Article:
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Protection from Metabolic Dysregulation, Obesity, and Atherosclerosis by Citrus Flavonoids: Activation of Hepatic PGC1α-Mediated Fatty Acid Oxidation.

Mulvihill EE, Huff MW - PPAR Res (2012)

Bottom Line: Studies in a multitude of models including cell culture, animal and clinical studies demonstrate that citrus-derived flavonoids have therapeutic potential to attenuate dyslipidemia, correct hyperinsulinemia and hyperglycemia, and reduce atherosclerosis.Emerging evidence suggests the metabolic regulators, PPARα and PGC1α, are targets of the citrus flavonoids, and their activation may be at least partially responsible for mediating their metabolic effects.Molecular studies will add significantly to the concept of these flavonoids as viable and promising therapeutic agents to treat the dysregulation of lipid homeostasis, metabolic disease, and its cardiovascular complications.

View Article: PubMed Central - PubMed

Affiliation: Vascular Biology Group, Robarts Research Institute, 100 Perth Drive, London, ON, Canada N6A 5K8.

ABSTRACT
Studies in a multitude of models including cell culture, animal and clinical studies demonstrate that citrus-derived flavonoids have therapeutic potential to attenuate dyslipidemia, correct hyperinsulinemia and hyperglycemia, and reduce atherosclerosis. Emerging evidence suggests the metabolic regulators, PPARα and PGC1α, are targets of the citrus flavonoids, and their activation may be at least partially responsible for mediating their metabolic effects. Molecular studies will add significantly to the concept of these flavonoids as viable and promising therapeutic agents to treat the dysregulation of lipid homeostasis, metabolic disease, and its cardiovascular complications.

No MeSH data available.


Related in: MedlinePlus

Potential mechanisms for the reduction in risk factors for atherosclerosis by flavonoids. Both in vitro and in vivo data suggest that citrus flavonoids decrease macrophage uptake of oxidized LDL and macrophage CE accumulation and improve dyslipidemia. While the complete mechanisms have not been fully defined, the nuclear hormone receptors PPARα and PGC1α represent important molecular targets. The improvement in dyslipidemia can be linked to decreased VLDL secretion as hepatic lipid availability for storage or VLDL secretion is decreased as a consequence of PPAR-stimulated fatty acid oxidation. The oxidation of fatty acids by liver prevents ectopic lipid accumulation and improves both insulin sensitivity and glucose tolerance. Arrows indicate change in response to flavonoid treatment.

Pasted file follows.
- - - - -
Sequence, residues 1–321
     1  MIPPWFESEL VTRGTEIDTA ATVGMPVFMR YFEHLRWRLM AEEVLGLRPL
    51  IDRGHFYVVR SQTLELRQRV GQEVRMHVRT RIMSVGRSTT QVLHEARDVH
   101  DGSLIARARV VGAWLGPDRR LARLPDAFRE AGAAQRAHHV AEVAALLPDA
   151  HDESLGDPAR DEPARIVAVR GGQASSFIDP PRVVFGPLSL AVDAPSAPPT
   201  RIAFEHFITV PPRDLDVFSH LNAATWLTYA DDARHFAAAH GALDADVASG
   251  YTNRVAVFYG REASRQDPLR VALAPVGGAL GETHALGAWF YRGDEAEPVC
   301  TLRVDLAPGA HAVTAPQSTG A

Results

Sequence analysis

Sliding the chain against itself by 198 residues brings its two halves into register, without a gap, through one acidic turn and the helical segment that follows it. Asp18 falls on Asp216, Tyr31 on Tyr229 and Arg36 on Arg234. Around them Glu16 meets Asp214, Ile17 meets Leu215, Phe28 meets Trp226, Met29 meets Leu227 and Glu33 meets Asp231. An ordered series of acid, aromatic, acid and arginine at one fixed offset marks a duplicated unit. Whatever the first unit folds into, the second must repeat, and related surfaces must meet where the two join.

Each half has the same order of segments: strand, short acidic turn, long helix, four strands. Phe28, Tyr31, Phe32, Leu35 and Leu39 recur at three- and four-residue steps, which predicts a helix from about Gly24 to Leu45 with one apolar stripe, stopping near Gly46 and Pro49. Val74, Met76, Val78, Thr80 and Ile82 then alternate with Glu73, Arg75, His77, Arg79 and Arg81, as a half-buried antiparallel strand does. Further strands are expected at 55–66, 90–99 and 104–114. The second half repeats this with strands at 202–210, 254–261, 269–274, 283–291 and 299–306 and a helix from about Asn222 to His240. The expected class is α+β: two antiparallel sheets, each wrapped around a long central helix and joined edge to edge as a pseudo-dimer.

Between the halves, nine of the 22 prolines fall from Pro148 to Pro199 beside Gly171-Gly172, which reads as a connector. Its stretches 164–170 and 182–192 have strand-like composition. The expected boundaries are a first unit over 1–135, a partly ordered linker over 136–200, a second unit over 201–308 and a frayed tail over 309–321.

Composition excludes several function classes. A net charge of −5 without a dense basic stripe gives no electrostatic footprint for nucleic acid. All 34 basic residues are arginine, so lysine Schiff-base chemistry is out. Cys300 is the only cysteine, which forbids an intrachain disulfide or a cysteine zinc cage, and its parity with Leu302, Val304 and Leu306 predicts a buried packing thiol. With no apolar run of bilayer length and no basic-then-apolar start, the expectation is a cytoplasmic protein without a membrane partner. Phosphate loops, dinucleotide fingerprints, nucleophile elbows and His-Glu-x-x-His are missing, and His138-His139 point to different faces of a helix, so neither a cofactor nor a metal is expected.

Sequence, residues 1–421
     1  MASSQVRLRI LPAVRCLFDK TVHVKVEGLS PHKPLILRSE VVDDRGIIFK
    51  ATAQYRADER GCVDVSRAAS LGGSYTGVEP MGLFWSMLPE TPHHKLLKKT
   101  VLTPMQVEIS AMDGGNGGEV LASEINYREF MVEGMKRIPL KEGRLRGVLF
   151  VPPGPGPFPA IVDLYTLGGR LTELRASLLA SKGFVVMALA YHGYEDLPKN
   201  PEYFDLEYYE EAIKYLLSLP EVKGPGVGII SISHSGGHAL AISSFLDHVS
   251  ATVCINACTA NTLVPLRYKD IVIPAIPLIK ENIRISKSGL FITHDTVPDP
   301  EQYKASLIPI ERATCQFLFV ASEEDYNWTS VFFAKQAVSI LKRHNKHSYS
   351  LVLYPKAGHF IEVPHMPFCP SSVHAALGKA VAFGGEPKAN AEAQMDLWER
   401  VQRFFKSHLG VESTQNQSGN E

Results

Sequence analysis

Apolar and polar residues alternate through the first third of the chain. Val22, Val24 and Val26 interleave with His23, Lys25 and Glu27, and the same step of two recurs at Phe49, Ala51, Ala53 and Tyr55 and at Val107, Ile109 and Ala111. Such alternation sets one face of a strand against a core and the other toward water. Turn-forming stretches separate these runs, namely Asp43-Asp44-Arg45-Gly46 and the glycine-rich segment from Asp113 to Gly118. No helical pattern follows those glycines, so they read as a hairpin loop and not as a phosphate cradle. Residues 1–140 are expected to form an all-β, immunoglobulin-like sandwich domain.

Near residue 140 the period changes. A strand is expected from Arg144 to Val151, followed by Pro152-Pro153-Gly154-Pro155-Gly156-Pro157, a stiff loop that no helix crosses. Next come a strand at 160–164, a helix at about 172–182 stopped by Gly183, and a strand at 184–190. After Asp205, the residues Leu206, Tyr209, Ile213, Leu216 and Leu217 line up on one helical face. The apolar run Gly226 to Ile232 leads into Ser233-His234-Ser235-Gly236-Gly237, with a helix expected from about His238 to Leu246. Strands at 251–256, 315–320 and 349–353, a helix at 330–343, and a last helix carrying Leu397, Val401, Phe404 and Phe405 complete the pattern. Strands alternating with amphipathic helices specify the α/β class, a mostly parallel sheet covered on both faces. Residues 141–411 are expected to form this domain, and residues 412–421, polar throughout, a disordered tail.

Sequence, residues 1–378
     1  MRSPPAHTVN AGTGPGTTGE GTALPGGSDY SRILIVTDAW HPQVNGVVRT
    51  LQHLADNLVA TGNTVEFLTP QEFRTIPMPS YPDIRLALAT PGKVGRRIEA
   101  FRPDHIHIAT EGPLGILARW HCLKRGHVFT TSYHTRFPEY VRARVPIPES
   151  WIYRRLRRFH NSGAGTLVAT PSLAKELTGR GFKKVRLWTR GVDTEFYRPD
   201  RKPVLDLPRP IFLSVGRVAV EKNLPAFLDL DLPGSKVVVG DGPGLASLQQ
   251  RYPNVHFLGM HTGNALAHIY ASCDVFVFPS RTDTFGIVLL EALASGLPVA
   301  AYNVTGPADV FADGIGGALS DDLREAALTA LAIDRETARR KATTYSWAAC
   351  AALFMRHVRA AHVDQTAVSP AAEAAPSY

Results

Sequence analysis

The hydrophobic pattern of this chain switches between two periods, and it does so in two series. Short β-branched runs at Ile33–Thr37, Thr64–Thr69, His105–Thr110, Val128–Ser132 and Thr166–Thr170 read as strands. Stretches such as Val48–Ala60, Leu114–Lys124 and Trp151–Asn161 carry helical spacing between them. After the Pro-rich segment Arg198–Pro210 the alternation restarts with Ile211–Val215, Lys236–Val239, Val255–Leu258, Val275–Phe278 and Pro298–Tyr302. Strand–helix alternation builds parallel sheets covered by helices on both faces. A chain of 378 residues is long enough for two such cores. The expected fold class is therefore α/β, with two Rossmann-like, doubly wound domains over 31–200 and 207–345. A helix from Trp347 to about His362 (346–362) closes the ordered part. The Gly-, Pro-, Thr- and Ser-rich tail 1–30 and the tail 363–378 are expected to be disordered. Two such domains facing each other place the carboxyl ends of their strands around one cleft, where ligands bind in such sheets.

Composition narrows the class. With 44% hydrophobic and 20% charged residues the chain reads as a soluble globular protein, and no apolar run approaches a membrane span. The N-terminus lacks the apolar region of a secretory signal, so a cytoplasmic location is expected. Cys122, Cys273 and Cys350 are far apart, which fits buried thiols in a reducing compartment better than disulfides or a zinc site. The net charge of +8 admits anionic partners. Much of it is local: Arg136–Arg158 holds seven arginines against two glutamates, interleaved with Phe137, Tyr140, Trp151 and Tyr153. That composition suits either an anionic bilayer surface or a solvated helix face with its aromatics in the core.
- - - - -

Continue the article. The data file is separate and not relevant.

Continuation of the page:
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Related In: Results  -  Collection


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fig2: Potential mechanisms for the reduction in risk factors for atherosclerosis by flavonoids. Both in vitro and in vivo data suggest that citrus flavonoids decrease macrophage uptake of oxidized LDL and macrophage CE accumulation and improve dyslipidemia. While the complete mechanisms have not been fully defined, the nuclear hormone receptors PPARα and PGC1α represent important molecular targets. The improvement in dyslipidemia can be linked to decreased VLDL secretion as hepatic lipid availability for storage or VLDL secretion is decreased as a consequence of PPAR-stimulated fatty acid oxidation. The oxidation of fatty acids by liver prevents ectopic lipid accumulation and improves both insulin sensitivity and glucose tolerance. Arrows indicate change in response to flavonoid treatment.

Mentions: Interestingly, in western diet-fed Ldlr−/− mice, naringenin did not stimulate fatty acid oxidation in muscle nor were any changes observed in the expression of genes linked to fatty acid oxidation, such as Cpt1β, Ucp1, and Ucp3 [45]. Instead, naringenin inhibited SREBP1c-mediated de novo lipogenesis and promoted glucose uptake. These results suggest that naringenin does not act directly on muscle. Reduced muscle lipid accumulation and improved glucose utilization in this model is consequent to attenuated de novo lipogenesis and decreased uptake of lipoprotein-derived lipid, the latter a consequence of decreased VLDL secretion. By increasing hepatic FA oxidation, naringenin permits glucose to be utilized by peripheral tissues, including muscle, resulting in the prevention of both lipid accumulation and insulin resistance (Figure 2). The protective effect of naringenin in preventing the metabolic disturbances associated with high-fat feeding was also observed in wild-type C57BL/6J mice. In this model, naringenin significantly reduced plasma and hepatic lipids, normalized glucose tolerance and insulin sensitivity and prevented obesity when compared to western-fed mice, although the time course for the preventative effect was significantly longer than that required for Ldlr−/− mice [45].